“Robin Hood” Teddy Roe was a gangster who ran gambling on Chicago’s Southside from the 1940s until his death in 1952. He was known for giving back to his community—particularly the poor—at the height of his power. An attitude of bucking against the larger power in Chicago’s underworld would lead to his downfall.
Legit Career and Bootlegging
Hailing from Louisiana in August 1898, Teddy Roe was the son of sharecroppers based in Little Rock, Arkansas. He developed a skill for sewing after apprenticing under a local tailor and entered the criminal world via bootlegging. Roe was able to progress in different circles since he was white passing.
After bootlegging ended, he moved on to Detroit and worked in the car industry. He later took a chance and move to Chicago to work as a tailor. It was in working as a tailor for Edward P. Jones that he became involved in the numbers game.
Teddy Roe entered the numbers game as a runner, trying to sell people on the neighborhood lottery. At this time Black people didn’t have open access to financial institutions such as the bank and numbers operators often served that role.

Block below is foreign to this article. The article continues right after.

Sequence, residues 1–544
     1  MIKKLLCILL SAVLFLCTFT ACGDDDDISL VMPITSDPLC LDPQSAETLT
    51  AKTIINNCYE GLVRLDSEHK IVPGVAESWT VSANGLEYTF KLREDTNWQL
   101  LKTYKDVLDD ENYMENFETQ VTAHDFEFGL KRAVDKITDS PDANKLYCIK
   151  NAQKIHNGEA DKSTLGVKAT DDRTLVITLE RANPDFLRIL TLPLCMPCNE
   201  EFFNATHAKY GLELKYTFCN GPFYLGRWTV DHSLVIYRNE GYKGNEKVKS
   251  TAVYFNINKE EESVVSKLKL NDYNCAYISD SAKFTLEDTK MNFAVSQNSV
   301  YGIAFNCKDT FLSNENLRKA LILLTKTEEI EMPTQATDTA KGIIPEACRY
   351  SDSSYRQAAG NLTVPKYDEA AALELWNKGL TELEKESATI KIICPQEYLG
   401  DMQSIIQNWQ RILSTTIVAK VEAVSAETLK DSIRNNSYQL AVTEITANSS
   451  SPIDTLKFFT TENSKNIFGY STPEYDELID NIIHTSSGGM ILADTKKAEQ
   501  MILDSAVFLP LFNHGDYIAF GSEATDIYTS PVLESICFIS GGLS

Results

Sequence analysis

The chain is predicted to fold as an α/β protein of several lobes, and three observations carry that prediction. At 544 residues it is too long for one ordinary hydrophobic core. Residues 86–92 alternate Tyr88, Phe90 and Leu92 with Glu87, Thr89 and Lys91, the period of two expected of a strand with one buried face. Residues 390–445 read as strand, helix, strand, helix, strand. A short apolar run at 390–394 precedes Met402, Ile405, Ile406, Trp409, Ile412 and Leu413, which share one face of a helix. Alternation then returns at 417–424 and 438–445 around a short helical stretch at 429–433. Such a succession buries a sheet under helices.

Throughout the 1930s, Edward and his brother managed to reel in a great chunk of cash in operating numbers. They also benefited from the protection of Chicago politicians who managed to wet their beaks as well. Roe, for his role in the operation, managed to enrich himself and also progressed to being a decision maker in the operation.
With his wealth, Roe would give money to poor Southside natives. He also made sure that people shortchanged by other operators got their money.
The success of the Jones brothers’ operation drew the attention of Paul Ricca’s Chicago Outfit. They wanted the business in its entirety and wanted Jones and Roe out. This was for good reason as by the 1940s, the operation was reeling in over $1 million a year.
Teddy Roe’s determination to hold on to the business would result in unwanted trouble for everyone involved.